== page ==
“We believe craft skills and knowledge enrich and uplift us as individuals”

Art Acumen curated a ceramic collection for RBS’s client floor in their London head quarters, featuring established and up and coming ceramic artists.

Takeshi Yasuda, a ceramic heavyweight was born in Tokyo in 1943, moving to the UK in 1973. He taught at various art schools and universities across the United Kingdom before receiving an honorary degree from Bath University. His work is thrown and has a tactile quality that retains the soft malleable nature of the clay and is a fresh interpretation of creamware. His work has sensitivity unique to Oriental ceramics, and Yasuda draws on this to produce pieces that are not just concerned with design or functionality but with the way a pot can generate and be part of ritual. His palette is puritan in colour and the fluid shapes are decorated with softly dented surfaces and occasional slip trailing which offers unlimited tactile sensation. It is the contrast of control and ease, casual and formal, which makes Yasuda’s work so appealing.

Paraskeva’s multidisciplinary conceptual practice comprises stand-alone pieces, installation, film and tableware, collectively defined by a distinct language. Underpinned by a rigorous and intuitive approach, iterations of thrown and altered porcelain vessels are created by reduction fired atmospheric changes; through ‘a kiln, which is a well-insulated box, dome or cylinder that saves and contains heat – without a kiln pottery has no heart’.* The intention is to explore material possibilities. Often pieces exist with a duality, a glaze is applied inside the object and left unglazed on the outer shell. A poetic fragility is at play, making reference to our internal and external worlds. By throwing, altering, breaking and re-joining the sculptural form, Paraskeva provides shape to the vulnerability and resilient strength that inhabit us.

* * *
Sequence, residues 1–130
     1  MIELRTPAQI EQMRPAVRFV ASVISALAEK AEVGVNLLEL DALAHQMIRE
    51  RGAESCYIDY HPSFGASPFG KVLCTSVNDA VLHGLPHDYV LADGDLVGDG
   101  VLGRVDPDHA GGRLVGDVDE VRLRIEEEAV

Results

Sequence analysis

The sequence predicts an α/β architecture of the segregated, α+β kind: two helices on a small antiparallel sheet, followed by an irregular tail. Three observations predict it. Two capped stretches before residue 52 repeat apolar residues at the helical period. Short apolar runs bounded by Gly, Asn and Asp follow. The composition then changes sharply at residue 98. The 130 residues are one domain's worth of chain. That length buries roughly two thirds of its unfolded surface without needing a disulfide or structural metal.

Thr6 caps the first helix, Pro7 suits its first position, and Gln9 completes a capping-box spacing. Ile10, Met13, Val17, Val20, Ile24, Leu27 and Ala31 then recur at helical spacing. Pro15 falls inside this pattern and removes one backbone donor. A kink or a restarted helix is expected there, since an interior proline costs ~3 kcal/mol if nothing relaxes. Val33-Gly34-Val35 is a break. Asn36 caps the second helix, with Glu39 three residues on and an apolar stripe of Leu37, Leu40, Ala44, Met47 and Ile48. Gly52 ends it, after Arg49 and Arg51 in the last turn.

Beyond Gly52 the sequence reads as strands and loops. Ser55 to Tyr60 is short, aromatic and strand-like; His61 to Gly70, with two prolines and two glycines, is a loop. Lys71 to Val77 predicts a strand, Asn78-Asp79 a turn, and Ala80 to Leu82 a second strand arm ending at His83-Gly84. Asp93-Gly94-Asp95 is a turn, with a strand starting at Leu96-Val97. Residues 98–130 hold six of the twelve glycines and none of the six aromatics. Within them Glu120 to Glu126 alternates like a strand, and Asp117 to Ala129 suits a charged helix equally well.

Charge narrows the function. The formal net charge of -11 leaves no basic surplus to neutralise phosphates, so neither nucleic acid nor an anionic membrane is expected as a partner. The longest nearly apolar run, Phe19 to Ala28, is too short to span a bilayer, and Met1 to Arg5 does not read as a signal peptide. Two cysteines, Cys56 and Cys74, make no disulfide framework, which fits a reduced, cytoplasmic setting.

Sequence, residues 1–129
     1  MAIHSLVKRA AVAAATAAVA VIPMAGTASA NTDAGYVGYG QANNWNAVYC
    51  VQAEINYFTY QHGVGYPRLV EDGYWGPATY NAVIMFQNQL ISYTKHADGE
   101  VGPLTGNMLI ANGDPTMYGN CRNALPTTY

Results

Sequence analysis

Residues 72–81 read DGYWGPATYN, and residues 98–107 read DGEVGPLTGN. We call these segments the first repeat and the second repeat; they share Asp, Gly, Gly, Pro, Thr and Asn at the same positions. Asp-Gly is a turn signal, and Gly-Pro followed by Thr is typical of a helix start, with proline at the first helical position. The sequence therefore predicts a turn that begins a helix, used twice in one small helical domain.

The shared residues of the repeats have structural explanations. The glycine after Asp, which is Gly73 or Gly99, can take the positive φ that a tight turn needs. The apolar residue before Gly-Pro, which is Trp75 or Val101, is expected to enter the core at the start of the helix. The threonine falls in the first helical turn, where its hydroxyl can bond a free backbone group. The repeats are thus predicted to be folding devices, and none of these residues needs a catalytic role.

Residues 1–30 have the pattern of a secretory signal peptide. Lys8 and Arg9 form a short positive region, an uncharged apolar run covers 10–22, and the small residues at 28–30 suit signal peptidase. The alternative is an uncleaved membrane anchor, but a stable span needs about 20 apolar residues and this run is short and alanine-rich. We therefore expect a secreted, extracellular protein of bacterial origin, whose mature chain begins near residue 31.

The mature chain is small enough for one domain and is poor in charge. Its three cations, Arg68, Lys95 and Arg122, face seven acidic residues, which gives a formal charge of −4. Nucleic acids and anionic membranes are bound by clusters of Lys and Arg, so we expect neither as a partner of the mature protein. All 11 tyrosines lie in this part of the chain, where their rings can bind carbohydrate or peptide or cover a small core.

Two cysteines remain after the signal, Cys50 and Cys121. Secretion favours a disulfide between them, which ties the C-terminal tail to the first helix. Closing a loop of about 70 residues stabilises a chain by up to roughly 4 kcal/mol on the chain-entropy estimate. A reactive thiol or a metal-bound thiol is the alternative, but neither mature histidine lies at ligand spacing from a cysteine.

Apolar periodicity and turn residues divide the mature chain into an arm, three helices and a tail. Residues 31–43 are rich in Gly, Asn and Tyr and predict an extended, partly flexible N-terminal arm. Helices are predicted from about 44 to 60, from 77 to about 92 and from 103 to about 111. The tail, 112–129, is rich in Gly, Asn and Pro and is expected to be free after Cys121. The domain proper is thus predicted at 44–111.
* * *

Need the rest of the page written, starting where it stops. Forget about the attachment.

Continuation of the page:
In part, the work is an emotional release of experiences, giving voice to the unspoken word, leaving indelible marks on the visceral porcelain vessels. Art works are imbued with an elegiac sensibility expressing sorrow, especially associated to irreparable loss, as well as interpreting political issues from a female perspective.